Friday, March 30, 2012

CGI's Maryhrt: Myanmar Floating It's Currency April 1st 2012

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CGI's Maryhrt: Myanmar Floating It's Currency April 1st 2012
Posted By: Susoni [Send E-Mail]
Date: Friday, 30-Mar-2012 20:06:52

Myanmar Will Unleash Its Currency
Myanmar said it would float its currency, effective April 1, enacting a long-sought policy reform that is expected to make the resource-rich Southeast Asian country more inviting to foreign investors following decades of pariah-nation status.
The move is one of the biggest reforms to date as Myanmar 's government seeks to re-engage with the outside world and get out from under the weight of tough Western sanctions. The country's current foreign-exchange system, which involves a fixed "official" exchange rate that's more than 100 times as valuable against the dollar as the country's black-market rate, is so confusing that many foreign companies have refused to re-enter the country even if Western leaders ease sanctions against Myanmar as expected later this year.
The idea is to unify the country's multiple exchange rates so that businesses and the government can more easily handle accounting and convert money.
The step faces several pitfalls, though, and could have unintended consequences, including an unstable exchange rate or a strengthening currency that hobbles the country's nascent export sector at a time when the country is just re-entering the global economy. It could also prove too difficult to implement in a country that has little technical expertise in handling complex financial reforms.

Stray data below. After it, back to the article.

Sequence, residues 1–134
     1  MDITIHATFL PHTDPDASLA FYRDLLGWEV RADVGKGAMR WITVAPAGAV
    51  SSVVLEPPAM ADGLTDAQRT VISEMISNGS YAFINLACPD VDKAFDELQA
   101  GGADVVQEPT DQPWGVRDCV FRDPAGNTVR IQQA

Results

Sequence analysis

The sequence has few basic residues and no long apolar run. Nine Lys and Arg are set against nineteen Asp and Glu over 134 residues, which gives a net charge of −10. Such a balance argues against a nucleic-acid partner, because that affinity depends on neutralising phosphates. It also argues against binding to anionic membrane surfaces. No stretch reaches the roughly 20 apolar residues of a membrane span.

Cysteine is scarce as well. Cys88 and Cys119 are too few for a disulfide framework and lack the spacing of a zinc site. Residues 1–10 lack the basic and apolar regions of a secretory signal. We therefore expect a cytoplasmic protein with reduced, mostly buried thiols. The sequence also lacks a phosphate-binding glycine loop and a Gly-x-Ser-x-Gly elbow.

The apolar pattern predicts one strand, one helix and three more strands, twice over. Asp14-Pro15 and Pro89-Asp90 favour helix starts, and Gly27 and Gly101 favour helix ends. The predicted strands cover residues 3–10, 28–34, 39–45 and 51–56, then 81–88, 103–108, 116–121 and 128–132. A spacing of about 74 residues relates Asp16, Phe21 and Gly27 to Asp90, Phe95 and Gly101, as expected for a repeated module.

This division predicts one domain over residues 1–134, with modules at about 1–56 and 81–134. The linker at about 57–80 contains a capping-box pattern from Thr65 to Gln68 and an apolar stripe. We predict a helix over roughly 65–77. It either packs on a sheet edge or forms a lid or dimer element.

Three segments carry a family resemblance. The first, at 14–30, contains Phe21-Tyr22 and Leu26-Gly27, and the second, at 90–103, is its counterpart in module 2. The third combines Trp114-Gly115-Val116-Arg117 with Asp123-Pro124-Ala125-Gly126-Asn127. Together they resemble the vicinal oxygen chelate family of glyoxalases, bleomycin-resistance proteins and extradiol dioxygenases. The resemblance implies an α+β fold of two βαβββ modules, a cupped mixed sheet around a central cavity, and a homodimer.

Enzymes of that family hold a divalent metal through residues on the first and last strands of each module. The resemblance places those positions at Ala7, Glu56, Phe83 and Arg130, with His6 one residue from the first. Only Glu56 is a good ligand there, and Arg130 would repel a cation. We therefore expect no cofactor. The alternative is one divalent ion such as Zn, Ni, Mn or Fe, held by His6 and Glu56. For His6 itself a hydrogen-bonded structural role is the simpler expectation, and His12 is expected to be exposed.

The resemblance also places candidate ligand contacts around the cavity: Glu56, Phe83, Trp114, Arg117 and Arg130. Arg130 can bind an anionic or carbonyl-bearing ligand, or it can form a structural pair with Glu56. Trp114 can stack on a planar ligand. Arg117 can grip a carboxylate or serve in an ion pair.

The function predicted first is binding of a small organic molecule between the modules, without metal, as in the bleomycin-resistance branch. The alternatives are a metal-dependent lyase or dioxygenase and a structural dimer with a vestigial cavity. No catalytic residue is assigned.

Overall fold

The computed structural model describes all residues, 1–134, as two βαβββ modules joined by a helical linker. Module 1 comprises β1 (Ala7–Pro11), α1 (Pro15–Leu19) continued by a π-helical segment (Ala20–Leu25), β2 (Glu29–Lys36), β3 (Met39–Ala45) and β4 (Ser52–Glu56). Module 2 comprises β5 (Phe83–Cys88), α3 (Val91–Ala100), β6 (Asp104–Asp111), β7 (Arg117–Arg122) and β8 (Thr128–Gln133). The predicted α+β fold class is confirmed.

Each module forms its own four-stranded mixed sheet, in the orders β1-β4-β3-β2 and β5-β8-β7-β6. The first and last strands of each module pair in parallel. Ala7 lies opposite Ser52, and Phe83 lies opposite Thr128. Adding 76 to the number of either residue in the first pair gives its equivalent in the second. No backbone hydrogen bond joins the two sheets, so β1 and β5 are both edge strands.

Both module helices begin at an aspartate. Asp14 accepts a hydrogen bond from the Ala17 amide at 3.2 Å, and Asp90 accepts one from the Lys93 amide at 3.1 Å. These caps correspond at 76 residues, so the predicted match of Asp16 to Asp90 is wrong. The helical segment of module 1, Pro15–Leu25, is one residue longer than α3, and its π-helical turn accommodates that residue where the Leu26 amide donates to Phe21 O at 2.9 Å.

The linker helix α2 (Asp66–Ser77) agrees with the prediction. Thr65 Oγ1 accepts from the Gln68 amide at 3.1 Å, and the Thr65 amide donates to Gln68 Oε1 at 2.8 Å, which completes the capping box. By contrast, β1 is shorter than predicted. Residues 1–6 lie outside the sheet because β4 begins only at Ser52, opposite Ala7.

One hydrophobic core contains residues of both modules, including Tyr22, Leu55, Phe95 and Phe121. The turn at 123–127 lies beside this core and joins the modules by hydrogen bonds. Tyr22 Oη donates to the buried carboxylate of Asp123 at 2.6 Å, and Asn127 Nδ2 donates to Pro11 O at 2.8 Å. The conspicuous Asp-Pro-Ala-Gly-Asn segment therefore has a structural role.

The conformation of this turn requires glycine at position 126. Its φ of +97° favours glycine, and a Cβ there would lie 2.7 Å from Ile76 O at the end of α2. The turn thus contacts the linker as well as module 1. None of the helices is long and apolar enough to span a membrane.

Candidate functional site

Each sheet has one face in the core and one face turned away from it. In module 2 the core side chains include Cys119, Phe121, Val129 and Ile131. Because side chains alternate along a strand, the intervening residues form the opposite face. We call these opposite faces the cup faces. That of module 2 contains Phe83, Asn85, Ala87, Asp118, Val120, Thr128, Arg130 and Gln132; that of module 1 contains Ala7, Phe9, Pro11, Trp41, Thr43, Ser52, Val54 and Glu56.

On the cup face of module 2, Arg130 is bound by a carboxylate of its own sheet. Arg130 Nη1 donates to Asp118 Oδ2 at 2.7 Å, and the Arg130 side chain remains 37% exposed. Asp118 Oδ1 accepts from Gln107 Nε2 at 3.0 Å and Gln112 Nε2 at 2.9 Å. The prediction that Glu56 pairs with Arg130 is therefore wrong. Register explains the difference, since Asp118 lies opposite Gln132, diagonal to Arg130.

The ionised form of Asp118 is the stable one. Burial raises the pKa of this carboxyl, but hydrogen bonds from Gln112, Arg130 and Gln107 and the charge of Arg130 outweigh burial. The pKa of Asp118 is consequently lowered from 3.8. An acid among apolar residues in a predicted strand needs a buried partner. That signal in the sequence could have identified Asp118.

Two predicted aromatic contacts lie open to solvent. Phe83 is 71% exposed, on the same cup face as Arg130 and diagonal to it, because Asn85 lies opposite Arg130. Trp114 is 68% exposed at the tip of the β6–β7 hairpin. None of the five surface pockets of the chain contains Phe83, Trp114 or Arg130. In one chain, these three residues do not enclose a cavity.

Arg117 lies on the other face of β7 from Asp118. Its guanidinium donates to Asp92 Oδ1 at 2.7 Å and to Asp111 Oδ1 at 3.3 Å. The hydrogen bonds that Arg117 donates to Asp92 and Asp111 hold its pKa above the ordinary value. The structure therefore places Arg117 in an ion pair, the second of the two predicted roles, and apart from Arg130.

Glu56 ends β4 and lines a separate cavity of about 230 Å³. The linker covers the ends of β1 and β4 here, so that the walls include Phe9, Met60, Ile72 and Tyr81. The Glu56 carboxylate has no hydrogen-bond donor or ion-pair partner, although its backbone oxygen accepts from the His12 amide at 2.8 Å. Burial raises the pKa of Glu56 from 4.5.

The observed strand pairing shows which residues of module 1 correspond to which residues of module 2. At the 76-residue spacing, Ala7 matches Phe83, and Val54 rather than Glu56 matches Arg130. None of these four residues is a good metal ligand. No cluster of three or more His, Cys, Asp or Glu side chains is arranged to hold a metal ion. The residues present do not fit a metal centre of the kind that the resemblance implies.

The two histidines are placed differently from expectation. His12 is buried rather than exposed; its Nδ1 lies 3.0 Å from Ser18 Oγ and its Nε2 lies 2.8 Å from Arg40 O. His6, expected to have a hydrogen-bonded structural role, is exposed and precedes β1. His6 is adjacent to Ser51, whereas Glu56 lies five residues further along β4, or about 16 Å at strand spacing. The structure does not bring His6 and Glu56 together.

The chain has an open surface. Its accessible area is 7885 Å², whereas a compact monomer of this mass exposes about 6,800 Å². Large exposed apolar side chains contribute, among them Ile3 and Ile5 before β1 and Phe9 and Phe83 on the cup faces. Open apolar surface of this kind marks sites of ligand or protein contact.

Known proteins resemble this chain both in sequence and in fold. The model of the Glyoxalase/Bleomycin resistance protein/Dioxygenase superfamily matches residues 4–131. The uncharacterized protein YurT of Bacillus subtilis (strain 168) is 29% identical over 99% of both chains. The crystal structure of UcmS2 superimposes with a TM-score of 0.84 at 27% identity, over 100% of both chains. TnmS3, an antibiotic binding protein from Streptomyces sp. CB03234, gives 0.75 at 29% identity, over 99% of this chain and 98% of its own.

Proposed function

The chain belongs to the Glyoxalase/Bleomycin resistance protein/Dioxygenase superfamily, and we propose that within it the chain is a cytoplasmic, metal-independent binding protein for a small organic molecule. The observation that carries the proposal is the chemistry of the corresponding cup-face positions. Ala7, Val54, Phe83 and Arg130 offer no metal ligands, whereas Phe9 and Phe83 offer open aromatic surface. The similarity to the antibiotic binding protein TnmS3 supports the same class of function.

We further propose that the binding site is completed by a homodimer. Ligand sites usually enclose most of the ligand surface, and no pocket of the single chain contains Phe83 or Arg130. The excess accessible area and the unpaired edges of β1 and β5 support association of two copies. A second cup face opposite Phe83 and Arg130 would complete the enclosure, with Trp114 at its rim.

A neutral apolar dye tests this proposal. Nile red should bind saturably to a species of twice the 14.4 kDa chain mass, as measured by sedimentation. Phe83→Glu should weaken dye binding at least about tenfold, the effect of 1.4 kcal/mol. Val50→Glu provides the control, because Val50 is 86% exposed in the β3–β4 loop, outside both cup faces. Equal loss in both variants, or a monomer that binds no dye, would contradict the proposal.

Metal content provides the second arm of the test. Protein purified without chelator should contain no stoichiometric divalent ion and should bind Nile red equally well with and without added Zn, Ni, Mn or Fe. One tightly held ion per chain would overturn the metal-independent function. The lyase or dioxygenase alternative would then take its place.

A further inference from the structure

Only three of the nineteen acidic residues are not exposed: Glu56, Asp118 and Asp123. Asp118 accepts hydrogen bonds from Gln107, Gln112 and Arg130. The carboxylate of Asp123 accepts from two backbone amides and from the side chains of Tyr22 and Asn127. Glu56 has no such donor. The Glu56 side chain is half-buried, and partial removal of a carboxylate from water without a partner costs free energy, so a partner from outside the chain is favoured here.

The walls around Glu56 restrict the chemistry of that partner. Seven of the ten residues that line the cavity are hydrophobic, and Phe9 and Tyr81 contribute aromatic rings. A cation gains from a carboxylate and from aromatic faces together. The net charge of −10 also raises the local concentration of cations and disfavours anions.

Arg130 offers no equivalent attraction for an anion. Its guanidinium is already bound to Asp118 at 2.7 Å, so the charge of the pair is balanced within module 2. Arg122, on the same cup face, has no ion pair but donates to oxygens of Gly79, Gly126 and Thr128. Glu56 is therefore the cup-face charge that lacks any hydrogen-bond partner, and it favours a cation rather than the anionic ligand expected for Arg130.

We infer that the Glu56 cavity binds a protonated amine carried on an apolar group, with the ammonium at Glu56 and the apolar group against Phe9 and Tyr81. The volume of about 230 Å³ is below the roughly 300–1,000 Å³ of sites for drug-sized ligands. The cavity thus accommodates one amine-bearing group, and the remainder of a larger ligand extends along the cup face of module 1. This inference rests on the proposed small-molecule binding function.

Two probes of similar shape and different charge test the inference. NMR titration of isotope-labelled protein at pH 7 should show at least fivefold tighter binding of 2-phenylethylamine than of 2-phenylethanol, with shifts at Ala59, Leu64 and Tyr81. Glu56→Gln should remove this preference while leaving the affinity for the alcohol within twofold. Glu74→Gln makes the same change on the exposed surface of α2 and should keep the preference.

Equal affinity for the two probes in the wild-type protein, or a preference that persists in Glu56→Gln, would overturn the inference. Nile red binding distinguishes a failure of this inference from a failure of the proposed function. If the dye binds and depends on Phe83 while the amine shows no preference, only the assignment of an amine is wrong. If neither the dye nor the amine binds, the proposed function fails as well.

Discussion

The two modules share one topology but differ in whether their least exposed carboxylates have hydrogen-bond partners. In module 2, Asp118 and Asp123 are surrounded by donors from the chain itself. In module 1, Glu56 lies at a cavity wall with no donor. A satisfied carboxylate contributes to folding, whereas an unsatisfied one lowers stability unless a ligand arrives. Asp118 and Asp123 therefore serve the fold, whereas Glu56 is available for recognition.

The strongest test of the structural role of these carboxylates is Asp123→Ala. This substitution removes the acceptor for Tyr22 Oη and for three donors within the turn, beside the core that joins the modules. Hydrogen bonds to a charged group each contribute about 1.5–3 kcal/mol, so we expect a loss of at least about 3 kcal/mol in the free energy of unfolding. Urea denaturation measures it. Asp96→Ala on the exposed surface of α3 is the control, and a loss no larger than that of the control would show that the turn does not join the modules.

Myanmar officials wanted to move more quickly on the currency than International Monetary Fund advisers suggested, according to people familiar with the process. Myanmar has brought in experts from the Malaysian and Thailand central banks to help with the transition. IMF officials familiar with the Myanmar situation couldn't be reached.
Details of the change—announced Wednesday in the official New Light of Myanmar newspaper—remain unclear, including the exact value of the Myanmar kyat when it is floated Sunday, which is also the day of a key parliamentary by-election contested by famed dissident Aung San Suu Kyi. It is also unclear when, or if, foreigners will be able to trade the currency in significant sums. Bankers and officials familiar with the reform have said in recent weeks that the kyat will likely be set between 800 kyat and 820 kyat to the dollar, which is close to the prevailing unofficial street rate.
The government announcement said simply that the kyat will "from now on be determined by supply and demand" via a "managed" float, and that the government would "gradually eliminate restrictions on current international payments and transfers abroad."
"I think it will be difficult for them to control the currency," said Anthony Nafte, a senior economist at CLSA Asia-Pacific Mark ets in Hong Kong . Among the risks, he said, was that the kyat would keep increasing in value as more foreign dollars rush in to take advantage of business opportunities there, hurting exports.

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